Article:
Report: Battlement Mesa drilling plan could be harmful
Air quality at risk, state says in report
Plans by Antero Resources to drill for natural gas in Battlement Mesa could have harmful consequences for people living near the drill rigs, according to a health assessment by the Colorado School of Public Health, which also urged that the company “rapidly adapt new technology” to reduce emissions.
The assessment was presented Monday to the Garfield County Commission, which can take the recommendation into account if Antero submits a drilling plan.
Air quality will be most affected during well-pad construction, well-completion and from truck traffic and could in some cases require medical treatment, the report said.
In all, the effect on air quality is very nearly the worst it could be, the report said, ranking a negative 14.5 on a scale of plus or minus 6 to 15.
Water quality, however, is unlikely to be harmed because primary water sources lie upstream from the areas Antero said it planned to drill.
No plans, however, have been submitted to the county or Colorado Oil and Gas Conservation Commission.
Antero’s plans a year ago called for 120 to 150 workers drilling 200 wells on nine pads over a five-year development period. “The ultimate goal is to look at all the impacts that could occur relative to this particular development,” Ron Rada, environmental health manager for Garfield County, said.
That includes taking into account the potential for the local economy to benefit from drilling.
Battlement Mesa is made up of more than 5,000 people with a median age of 37.5 years. The residents “appear to be generally healthier than other citizens of Colorado,” the report said, noting that they experience fewer hospitalizations and fewer deaths than Colorado in general.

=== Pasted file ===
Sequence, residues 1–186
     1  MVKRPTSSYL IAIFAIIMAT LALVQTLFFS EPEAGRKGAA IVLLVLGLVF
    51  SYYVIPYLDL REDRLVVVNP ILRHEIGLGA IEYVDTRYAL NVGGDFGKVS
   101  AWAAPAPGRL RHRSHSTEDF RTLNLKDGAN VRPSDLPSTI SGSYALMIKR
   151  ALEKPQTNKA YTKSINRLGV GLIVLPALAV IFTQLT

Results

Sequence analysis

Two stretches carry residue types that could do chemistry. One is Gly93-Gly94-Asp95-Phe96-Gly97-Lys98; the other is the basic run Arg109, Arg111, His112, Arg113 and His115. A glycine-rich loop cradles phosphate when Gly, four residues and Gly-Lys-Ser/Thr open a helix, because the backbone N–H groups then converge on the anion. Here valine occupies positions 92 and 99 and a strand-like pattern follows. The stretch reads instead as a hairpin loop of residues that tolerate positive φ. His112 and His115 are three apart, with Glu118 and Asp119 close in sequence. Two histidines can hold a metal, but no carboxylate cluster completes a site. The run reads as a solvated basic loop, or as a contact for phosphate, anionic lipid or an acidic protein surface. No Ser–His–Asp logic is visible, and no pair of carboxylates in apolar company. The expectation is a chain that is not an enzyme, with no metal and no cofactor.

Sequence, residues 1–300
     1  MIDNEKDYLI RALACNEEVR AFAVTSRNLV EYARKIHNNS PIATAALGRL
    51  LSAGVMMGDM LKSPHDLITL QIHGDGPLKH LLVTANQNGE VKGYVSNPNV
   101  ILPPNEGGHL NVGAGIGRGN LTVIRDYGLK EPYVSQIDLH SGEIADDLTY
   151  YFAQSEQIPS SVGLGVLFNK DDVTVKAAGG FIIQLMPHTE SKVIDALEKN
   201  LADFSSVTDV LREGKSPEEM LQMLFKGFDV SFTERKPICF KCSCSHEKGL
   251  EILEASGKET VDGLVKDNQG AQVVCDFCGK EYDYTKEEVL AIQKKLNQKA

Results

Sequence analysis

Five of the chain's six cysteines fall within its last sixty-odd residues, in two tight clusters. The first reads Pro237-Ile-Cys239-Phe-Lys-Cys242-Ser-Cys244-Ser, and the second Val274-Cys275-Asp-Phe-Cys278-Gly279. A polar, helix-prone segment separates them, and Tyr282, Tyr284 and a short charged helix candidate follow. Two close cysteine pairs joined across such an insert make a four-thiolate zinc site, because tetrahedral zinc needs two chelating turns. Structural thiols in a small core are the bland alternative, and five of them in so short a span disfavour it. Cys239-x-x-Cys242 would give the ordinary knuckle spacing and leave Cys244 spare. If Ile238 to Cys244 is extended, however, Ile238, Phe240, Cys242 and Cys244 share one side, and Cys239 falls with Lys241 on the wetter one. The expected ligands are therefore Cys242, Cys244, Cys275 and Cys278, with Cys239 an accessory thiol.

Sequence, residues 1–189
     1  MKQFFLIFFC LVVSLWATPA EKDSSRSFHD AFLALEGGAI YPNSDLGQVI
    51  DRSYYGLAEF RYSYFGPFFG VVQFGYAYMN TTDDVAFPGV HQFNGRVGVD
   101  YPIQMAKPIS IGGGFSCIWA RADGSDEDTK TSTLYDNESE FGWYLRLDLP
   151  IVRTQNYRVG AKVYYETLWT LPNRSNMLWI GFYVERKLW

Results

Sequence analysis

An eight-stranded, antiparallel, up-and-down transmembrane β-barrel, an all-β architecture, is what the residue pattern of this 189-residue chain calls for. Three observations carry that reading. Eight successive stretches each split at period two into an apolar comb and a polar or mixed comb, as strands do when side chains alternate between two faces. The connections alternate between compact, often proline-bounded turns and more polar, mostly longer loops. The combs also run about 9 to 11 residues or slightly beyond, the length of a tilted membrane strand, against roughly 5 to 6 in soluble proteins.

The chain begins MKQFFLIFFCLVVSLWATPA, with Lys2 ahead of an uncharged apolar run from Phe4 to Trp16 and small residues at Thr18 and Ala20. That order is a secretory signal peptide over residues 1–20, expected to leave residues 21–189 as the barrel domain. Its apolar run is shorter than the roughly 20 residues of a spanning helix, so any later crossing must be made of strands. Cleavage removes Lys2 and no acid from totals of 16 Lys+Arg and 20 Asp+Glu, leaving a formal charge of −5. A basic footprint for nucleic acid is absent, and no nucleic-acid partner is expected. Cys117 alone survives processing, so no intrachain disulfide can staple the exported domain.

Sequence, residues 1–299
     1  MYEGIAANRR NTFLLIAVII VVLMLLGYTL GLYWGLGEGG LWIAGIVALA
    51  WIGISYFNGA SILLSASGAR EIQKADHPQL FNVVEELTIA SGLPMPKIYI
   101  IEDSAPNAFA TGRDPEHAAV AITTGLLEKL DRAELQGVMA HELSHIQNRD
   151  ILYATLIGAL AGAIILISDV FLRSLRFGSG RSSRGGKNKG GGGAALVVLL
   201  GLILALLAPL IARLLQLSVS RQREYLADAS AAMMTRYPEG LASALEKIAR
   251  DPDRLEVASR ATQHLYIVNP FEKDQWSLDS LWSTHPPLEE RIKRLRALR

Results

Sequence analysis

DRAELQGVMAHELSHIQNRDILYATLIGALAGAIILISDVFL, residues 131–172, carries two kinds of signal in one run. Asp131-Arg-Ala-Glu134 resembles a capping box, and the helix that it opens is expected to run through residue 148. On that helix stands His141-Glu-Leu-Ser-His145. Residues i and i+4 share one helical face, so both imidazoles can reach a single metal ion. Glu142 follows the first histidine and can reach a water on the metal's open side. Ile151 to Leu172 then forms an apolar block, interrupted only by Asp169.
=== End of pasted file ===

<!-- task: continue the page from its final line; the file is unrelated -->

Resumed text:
The energy industry welcomed Garfield County’s “scientific approach to conducting the health-impact assessment,” said David Ludlam, executive director of the West Slope Colorado Oil and Gas Association.
“Antero Resources has provided the county data in a collaborative spirit, and while time is needed to fully review the draft, the county’s team deserves credit for what appears to be a solid approach,” Ludlam said.
The assessment noted that natural gas is becoming an accepted source of fuel for electrical generation, but local effects need greater scrutiny.
“While municipal, county and state governments have begun to respond to citizen concerns, a national discussion of the benefits and risks associated with this policy is due,” the assessment said.
The report is available on the Web at http://www.garfield-county.com/Index.aspx?page=1404.
A public meeting and research presentation is scheduled before the Garfield County Commission at 3 p.m. Oct. 4. Public comment will be accepted through Oct. 20 and a final assessment will be submitted to the commission by Nov. 15.